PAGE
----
Restrictive Indian Abortion Laws Require Reform

With the widely controversial Donald Trump Policy roller coaster both making global headlines and impacting an immediate ripple-effect if you like on women’s abortion rights worldwide, the already heated abortion debate now enters a hard-line period of conflicted exchange in many global countries, developed and undeveloped alike, including of course, the Mother of the East, India.

In 1971, abortion was made legal in India when the Medical Termination of Pregnancy Act was passed with an aim to reduce illegal abortion and maternal mortality. In a society that frequently considers sexuality as taboo, the MTP act was a welcome move and a validation of a woman’s fundamental right. It also established bodily sovereignty wherein each woman has the sole right to make decisions about what happens to her body. The word ‘abortion’ has always been a sensitive topic. Throughout history, induced abortions have been a source of considerable debate and controversy. Many countries still consider it as murder, while women’s rights insist it to be a woman’s fundamental right to have control over her body.

Here are some things you should know about Abortion in India. So stay safe and well informed.

What is Abortion?

Mainstream Wikipedia defines abortion as the removal or expulsion of an embryo or fetus from the uterus, resulting in, or caused by, its death. This could occur either spontaneously as a miscarriage, or be artificially induced through chemical, surgical or other means.

When can it be done?

Abortion in India is legal only up to twenty weeks of pregnancy under specific conditions and situations which are broadly defined as:

  1. The continuance of the pregnancy would involve a risk to the life of the pregnant woman or of grave injury of physical or mental health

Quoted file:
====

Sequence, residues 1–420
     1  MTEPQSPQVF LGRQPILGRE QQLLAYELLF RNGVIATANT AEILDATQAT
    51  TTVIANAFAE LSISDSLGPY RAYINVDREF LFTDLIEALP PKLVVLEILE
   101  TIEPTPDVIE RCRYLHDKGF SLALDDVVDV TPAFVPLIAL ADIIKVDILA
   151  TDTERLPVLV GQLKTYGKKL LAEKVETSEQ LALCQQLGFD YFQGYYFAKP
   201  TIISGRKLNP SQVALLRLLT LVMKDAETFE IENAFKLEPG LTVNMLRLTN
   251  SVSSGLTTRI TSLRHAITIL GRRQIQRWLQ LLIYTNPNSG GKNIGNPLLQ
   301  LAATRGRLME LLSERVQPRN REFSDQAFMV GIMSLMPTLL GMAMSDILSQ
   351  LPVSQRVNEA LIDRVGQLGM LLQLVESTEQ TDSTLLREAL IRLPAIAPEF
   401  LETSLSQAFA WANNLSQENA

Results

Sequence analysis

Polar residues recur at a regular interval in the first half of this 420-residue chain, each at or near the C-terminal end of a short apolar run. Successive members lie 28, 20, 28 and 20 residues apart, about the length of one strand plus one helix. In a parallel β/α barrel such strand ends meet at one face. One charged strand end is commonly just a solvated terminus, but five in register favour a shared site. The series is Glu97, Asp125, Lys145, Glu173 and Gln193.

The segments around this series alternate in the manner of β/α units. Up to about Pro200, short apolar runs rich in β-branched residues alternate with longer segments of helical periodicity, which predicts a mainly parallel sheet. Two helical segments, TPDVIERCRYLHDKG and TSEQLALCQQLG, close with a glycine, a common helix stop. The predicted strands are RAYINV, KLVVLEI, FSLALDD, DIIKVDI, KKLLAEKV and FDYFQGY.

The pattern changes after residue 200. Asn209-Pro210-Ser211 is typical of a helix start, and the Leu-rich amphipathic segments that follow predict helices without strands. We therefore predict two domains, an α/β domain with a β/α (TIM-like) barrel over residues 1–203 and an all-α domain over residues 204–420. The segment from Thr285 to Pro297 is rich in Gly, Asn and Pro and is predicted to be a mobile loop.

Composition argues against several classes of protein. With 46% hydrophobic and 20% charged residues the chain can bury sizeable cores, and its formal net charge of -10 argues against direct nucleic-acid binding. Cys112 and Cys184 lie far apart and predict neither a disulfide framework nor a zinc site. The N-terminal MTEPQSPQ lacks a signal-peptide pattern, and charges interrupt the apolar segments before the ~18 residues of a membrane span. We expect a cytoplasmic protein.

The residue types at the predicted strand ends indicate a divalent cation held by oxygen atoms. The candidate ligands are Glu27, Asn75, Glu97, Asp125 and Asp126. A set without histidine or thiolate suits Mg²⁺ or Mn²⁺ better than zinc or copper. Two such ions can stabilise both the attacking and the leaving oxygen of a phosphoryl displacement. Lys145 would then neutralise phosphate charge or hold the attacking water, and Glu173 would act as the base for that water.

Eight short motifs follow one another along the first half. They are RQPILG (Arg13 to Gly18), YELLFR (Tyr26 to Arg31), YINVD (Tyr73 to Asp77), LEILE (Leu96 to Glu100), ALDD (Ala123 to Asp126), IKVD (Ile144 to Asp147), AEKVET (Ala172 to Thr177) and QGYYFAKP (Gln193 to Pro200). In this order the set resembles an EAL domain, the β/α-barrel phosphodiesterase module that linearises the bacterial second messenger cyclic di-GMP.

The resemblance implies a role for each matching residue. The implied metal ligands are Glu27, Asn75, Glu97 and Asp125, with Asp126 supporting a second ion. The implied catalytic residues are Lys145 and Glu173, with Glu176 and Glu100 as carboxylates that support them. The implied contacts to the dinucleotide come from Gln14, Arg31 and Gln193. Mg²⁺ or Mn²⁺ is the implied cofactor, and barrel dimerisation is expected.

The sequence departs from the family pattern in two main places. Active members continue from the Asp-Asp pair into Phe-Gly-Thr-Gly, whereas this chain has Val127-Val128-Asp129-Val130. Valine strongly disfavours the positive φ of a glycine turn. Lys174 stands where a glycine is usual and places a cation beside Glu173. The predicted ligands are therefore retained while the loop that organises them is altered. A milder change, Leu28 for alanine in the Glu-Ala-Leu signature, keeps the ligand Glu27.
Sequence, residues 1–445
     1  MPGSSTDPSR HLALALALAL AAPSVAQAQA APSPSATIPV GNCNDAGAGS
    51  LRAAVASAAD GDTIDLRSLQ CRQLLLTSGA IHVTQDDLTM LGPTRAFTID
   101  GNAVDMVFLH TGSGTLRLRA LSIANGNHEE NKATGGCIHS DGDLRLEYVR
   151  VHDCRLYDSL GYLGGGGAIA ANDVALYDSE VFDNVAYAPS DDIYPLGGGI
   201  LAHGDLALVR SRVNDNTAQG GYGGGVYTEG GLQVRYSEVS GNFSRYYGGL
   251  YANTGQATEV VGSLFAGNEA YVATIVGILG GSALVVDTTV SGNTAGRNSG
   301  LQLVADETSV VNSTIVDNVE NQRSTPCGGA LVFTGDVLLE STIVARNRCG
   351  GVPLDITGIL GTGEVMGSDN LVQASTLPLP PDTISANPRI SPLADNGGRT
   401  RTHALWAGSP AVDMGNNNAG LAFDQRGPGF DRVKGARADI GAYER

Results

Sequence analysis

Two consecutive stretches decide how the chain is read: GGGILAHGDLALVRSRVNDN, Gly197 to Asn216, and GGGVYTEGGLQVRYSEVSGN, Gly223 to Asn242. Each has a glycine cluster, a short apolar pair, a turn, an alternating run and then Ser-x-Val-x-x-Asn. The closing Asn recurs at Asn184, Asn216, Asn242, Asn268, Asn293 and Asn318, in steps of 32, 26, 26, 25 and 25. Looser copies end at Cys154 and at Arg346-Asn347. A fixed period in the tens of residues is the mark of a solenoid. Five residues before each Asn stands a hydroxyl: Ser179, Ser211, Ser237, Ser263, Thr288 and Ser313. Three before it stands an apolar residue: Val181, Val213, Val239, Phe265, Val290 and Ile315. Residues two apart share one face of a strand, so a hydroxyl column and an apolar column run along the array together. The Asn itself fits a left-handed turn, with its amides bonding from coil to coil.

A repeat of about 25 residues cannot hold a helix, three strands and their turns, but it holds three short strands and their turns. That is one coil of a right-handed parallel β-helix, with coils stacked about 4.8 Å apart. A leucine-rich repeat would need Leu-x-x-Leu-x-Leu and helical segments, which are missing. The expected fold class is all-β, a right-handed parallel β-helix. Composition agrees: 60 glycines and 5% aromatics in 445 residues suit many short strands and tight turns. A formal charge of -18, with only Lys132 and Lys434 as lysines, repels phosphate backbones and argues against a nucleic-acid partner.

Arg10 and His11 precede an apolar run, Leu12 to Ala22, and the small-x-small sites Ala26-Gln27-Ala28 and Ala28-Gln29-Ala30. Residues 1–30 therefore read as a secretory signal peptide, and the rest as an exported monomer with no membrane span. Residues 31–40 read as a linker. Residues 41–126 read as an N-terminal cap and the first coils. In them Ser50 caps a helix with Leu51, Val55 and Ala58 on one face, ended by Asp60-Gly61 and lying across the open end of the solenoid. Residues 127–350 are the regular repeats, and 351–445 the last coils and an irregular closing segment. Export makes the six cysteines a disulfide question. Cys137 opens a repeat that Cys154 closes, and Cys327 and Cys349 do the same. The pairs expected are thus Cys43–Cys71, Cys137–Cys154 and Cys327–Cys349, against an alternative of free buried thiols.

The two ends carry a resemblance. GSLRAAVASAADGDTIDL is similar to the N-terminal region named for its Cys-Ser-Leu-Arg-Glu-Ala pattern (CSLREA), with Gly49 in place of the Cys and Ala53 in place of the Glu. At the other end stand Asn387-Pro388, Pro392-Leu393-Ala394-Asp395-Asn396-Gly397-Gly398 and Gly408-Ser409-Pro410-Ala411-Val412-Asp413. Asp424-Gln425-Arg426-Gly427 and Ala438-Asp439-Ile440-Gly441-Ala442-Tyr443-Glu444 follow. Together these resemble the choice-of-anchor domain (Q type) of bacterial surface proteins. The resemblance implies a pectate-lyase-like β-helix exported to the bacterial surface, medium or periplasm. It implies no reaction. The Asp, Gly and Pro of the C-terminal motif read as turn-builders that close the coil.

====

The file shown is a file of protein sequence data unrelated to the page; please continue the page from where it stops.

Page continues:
2. There is a substantial risk that if the child were born, it would suffer from such physical or mental abnormalities as to be seriously handicapped.

A woman has the right to abort:

  • If the woman has a serious disease and the pregnancy could endanger her physical/mental health
  • If the continuation of pregnancy could lead to substantial risk to the newborn leading to serious physical / mental handicaps
  • If the pregnancy is the result of rape
  • If the socio-economic status of the mother hampers the progress of a healthy pregnancy and the birth of a healthy child.
  • If the contraceptive device irrespective of the method used (natural methods/ barrier methods/ hormonal methods) failed

Permission/Consent:

  • If a woman is married, her own written consent is sufficient. Her husband’s consent is not required
  • If a woman is unmarried and over 18, she can provide her own written consent
  • If a woman is unmarried and under 18, she must provide written consent from her guardian
  • If a woman is mentally unstable, she must provide written consent from her guardian

Where and Who can perform the abortion:

Abortions can be performed in any medical institution that is licensed by the government to perform medically assisted terminations of pregnancy. Such institutions must display a certificate issued by the government.

Abortions must be performed by a doctor with one of the following qualifications:

  • A registered medical practitioner who has performed at least 25 medically assisted terminations of pregnancy
  • A surgeon who has six months’ experience in obstetrics and gynaecology
  • A person who has a diploma or degree in obstetrics and gynaecology
  • A doctor who was registered before the 1971 Medical Termination of Pregnancy Act and who has three years’ experience in obstetrics and gynaecology
  • A doctor who registered after 1971 and has been practising in obstetrics and gynaecology for at least a year

Types of Abortion treatment:

There are two types of abortion treatment, ‘Medical’ and ‘Surgical’ abortion: